If you are using Docker Compose in development, you will need to copy your pipeline definition into your running Repository container. One way is to use the following command, and it will be picked up the next time the location is read, which is dependent on the cron values.

docker cp custom_pipelines.json <alfresco container>:/usr/local/tomcat/shared/classes/alfresco/extension/transform/pipelines/

In a Kubernetes environment, ConfigMaps can be used to add pipeline definitions. You will need to create a ConfigMap from the JSON file and mount the ConfigMap through a volume to the Repository pods.

kubectl create configmap custom-pipeline-config --from-file=name_of_a_file.json

The necessary volumes are already provided out of the box and the files in ConfigMap custom-pipeline-config will be mounted to /usr/local/tomcat/shared/classes/alfresco/extension/transform/pipelines/. Again, the files will be picked up the next time the location is read, or when the repository pods are restarted.

From Kubernetes documentation: Caution: If there are some files in the mountPath location, they will be deleted.

Configure custom Local failover transforms

A failover transform, simply provides a list of transforms to be attempted one after another until one succeeds. For example, you may have a fast transform that is able to handle a limited set of transforms and another that is slower but handles all cases.

{
  "transformers": [
    {
      "transformerName": "imgExtractOrImgCreate",
      "transformerFailover" : [ "imgExtract", "imgCreate" ],
      "supportedSourceAndTargetList": [
        {"sourceMediaType": "application/vnd.oasis.opendocument.graphics", "priority": 150, "targetMediaType": "image/png" },
        ...
        {"sourceMediaType": "application/vnd.sun.xml.calc.template",       "priority": 150, "targetMediaType": "image/png" }
      ]
    }
  ]
}
  • transformerName - Try to create a unique name for the transform.
  • transformerFaillover - A list of transformers to try.
  • supportedSourceAndTargetList - The supported source and target Media Types, which refer to the Media Types this failover transformer can transform from and to, additionally you can set the priority and the maxSourceSizeBytes see Supported Source and Target List. Unlike pipelines, it must not be blank.
  • transformOptions - A list of references to options required by the pipeline transformer.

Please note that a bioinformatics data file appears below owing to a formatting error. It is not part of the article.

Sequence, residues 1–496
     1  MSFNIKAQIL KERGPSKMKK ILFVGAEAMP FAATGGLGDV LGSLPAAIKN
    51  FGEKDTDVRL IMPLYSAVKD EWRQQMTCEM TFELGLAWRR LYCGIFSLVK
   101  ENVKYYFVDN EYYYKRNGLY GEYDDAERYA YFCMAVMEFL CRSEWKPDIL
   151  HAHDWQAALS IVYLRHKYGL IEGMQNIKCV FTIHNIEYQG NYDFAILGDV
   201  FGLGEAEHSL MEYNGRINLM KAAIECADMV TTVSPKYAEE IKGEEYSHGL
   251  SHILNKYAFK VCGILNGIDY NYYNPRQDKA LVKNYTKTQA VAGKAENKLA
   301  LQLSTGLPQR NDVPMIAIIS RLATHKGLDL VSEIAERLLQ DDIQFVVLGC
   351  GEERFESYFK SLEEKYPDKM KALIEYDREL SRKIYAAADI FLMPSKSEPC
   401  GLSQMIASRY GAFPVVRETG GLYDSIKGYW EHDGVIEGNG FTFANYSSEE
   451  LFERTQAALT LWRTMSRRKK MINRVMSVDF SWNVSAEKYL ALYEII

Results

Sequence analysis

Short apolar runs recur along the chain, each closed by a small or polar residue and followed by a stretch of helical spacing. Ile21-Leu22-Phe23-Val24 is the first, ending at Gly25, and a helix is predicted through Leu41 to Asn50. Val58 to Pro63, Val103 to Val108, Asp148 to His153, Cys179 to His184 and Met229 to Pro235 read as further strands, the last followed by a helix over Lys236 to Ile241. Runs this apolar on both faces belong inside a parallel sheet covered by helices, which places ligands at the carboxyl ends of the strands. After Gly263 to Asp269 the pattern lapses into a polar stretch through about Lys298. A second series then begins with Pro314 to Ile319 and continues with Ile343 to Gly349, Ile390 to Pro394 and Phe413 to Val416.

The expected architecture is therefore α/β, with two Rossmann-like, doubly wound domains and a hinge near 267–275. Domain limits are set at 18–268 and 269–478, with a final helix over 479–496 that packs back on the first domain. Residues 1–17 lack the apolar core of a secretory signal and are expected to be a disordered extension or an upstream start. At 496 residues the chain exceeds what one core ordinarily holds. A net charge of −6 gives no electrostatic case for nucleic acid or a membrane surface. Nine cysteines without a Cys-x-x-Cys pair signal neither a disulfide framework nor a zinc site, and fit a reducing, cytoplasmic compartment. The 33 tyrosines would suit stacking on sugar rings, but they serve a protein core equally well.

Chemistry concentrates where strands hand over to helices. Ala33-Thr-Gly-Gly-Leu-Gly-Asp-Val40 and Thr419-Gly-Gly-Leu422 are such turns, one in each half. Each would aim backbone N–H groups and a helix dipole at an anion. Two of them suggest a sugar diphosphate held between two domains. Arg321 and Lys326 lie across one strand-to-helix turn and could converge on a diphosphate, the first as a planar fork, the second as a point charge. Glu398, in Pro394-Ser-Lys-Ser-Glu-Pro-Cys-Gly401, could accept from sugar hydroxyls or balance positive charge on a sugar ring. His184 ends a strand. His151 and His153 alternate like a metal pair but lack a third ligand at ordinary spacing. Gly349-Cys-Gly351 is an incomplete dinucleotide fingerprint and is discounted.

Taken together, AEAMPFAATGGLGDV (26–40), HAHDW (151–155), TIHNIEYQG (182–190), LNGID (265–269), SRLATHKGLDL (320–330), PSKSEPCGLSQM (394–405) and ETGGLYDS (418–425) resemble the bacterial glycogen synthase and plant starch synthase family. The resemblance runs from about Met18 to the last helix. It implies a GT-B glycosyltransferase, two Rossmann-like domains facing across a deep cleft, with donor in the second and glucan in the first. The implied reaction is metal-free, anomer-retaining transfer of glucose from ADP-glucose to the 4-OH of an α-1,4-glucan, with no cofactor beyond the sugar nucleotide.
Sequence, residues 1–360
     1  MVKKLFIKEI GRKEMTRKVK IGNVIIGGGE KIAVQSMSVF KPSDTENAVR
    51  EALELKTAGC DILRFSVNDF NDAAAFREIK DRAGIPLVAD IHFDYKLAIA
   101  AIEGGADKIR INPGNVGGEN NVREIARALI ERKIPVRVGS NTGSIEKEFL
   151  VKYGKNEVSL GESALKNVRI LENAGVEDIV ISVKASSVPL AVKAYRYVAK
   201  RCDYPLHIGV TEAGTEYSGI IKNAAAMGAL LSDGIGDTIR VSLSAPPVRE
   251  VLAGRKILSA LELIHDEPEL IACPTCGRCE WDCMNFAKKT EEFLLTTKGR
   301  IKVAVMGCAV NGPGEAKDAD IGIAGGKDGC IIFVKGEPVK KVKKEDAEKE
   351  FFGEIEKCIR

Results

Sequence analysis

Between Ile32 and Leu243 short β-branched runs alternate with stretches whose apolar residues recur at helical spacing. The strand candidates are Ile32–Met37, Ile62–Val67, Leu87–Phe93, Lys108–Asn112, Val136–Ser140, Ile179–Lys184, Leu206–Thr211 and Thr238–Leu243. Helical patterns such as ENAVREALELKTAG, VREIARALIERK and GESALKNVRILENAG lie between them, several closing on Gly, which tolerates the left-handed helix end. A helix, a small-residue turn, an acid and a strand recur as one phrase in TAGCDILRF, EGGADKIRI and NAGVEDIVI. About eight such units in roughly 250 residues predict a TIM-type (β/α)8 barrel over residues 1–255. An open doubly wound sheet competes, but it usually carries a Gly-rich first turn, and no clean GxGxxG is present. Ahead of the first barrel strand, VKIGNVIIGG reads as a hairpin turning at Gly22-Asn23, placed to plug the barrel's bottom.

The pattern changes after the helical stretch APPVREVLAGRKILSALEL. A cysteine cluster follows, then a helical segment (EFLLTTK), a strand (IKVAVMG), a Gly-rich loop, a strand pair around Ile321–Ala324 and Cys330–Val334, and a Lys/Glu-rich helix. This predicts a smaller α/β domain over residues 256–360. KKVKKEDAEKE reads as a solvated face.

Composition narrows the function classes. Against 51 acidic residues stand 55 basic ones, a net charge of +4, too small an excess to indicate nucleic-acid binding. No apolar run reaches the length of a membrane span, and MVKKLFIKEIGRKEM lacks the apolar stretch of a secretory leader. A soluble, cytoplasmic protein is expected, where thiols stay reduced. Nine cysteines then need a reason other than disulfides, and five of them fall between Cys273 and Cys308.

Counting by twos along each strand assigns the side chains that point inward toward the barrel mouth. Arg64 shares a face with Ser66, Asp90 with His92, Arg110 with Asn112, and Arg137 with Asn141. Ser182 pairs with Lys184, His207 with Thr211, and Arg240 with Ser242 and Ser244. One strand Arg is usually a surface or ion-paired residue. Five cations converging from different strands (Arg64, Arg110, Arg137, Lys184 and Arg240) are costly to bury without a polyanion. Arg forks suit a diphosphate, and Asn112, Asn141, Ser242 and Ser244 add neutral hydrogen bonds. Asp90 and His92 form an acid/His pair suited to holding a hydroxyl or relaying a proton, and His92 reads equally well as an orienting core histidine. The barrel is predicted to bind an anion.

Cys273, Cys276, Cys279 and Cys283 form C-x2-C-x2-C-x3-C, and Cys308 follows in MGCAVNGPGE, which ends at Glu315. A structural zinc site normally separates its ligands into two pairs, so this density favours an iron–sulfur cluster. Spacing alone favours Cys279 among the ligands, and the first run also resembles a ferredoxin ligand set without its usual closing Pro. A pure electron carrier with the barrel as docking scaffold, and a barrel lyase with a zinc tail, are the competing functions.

Overriding a Local transform

In the same way as it is possible to combine Local transforms into pipelines, it is also possible to override a previously defined transform in a file in the local.transform.pipeline.config.dir directory. The last definition read wins. The configuration from T-Engines or the Transform Service is initially read followed by files in this directory. Files are read in alphanumeric order. So 0100-basePipelines.json is read before 0200-a-cutdown-libreoffice.json. The following example removes most of the supported source to target media types form the standard “libreoffice” transform. This is not something you would normally want to do. It also changes the max size and priority of others.

{
  "transformers": [
    {
      "transformerName": "libreoffice",
      "supportedSourceAndTargetList": [
        {"sourceMediaType": "text/csv", "maxSourceSizeBytes": 1000, "targetMediaType": "text/html" },
        {"sourceMediaType": "text/csv", "targetMediaType": "application/vnd.oasis.opendocument.spreadsheet" },
        {"sourceMediaType": "text/csv", "targetMediaType": "application/vnd.oasis.opendocument.spreadsheet-template" },
        {"sourceMediaType": "text/csv", "targetMediaType": "text/tab-separated-values" },
        {"sourceMediaType": "text/csv", "priority": 45, "targetMediaType": "application/vnd.ms-excel" },
        {"sourceMediaType": "text/csv", "priority": 155, "targetMediaType": "application/pdf" }
      ]
    }
  ]
}

Configure a custom rendition

Renditions are a representation of source content in another form. A Rendition Definition (JSON) defines the transform option (parameter) values that will be passed to a transformer and the target Media Type.

{
  "renditions": [
    {